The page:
Béchamel, often known as white sauce in English, is a sauce that is traditional in French cuisine. Béchamel is made by cooking a roux (a mixture of cooked fat and flour, used to thicken sauces) made from butter and flour and cooking it with milk. Béchamel is often used as a base to cook a number of different sauces in French cuisine. It is also typically used to make lasagna
The origins of béchamel sauce are disputed. It is commonly thought that the sauce was brought to France by Catherine de' Medici in the 16th century, but only obtained its name in the 17th century and was named after the Marquis and financier, Louis de Béchamel.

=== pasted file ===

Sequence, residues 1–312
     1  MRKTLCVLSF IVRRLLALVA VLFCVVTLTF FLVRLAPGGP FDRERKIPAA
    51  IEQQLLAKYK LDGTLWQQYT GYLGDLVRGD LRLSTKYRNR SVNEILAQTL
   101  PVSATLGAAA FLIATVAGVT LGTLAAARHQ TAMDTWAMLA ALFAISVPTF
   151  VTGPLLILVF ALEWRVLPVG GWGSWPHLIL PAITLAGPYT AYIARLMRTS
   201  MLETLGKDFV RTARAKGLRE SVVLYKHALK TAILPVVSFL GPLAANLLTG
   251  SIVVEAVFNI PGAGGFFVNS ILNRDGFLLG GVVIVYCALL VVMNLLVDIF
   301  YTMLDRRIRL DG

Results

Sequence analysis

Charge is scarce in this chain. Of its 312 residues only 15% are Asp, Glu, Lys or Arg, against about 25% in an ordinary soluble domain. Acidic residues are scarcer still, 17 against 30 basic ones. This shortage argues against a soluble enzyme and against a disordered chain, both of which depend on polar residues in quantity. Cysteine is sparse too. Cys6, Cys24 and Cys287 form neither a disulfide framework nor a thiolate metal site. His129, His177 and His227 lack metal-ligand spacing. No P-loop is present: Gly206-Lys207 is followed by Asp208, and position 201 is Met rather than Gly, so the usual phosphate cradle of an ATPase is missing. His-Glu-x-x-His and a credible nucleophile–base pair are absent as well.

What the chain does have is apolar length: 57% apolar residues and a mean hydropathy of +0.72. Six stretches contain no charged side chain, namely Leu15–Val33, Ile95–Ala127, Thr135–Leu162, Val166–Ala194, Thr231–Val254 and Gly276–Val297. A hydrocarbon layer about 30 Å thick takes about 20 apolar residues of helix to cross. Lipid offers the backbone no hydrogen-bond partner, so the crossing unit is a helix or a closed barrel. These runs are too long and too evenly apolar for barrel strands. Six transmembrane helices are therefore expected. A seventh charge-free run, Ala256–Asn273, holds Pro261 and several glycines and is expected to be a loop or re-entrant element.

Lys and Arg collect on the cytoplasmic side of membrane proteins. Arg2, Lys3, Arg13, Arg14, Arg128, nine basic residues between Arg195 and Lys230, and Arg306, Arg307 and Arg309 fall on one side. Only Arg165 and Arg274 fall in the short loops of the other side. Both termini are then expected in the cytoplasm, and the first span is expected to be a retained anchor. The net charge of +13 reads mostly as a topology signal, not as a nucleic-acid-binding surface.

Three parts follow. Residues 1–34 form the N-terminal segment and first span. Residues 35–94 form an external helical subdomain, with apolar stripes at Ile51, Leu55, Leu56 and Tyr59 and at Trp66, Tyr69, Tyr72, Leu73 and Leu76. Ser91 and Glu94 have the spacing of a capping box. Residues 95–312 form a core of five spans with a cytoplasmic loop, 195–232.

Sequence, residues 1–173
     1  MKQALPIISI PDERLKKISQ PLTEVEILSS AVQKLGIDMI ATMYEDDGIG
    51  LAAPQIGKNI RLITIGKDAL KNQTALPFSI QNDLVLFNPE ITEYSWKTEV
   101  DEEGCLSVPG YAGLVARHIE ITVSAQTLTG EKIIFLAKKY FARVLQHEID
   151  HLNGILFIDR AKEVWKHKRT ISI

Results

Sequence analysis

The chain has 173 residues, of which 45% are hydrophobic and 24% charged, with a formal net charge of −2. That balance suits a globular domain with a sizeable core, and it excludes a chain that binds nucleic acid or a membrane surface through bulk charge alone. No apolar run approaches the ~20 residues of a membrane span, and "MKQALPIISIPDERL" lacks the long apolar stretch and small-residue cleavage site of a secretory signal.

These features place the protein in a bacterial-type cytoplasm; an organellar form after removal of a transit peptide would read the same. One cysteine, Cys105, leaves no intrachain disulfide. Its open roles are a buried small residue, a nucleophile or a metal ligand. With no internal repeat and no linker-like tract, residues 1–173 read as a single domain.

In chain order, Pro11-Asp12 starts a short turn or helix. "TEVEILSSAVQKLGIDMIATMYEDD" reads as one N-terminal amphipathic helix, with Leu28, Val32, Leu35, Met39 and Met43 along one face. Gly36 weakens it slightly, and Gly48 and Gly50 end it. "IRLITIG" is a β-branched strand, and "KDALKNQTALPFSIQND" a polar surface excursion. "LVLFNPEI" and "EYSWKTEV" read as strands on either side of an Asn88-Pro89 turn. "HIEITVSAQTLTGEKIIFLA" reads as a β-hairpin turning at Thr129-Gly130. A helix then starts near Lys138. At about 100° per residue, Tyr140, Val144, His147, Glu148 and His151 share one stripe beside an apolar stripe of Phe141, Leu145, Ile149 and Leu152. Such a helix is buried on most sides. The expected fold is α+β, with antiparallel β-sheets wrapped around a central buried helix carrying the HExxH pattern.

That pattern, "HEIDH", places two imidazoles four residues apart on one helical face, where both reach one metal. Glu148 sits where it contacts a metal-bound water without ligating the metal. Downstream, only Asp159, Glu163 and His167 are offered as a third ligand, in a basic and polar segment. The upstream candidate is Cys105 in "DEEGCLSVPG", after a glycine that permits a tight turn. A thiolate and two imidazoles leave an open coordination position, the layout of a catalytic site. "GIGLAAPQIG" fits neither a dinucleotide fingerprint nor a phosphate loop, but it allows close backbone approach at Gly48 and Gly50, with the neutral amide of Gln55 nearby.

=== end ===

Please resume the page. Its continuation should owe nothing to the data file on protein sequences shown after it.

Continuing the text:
The correct pronunciation of béchamel is beh(y)-shah-mehl
English speakers often pronounce béchamel as bay-shah-mel, but this is a mistake. The "é" in béchamel is not pronounced exactly like -bay, but with a slightly less emphasized "ay" sound. The "bé" sounds more like a "beh" with a very slight "y" sound added. The "ch" in béchamel is pronounced with an "sh" sound and the final -mel is pronounced with a short "e", like the "e" in the word "best".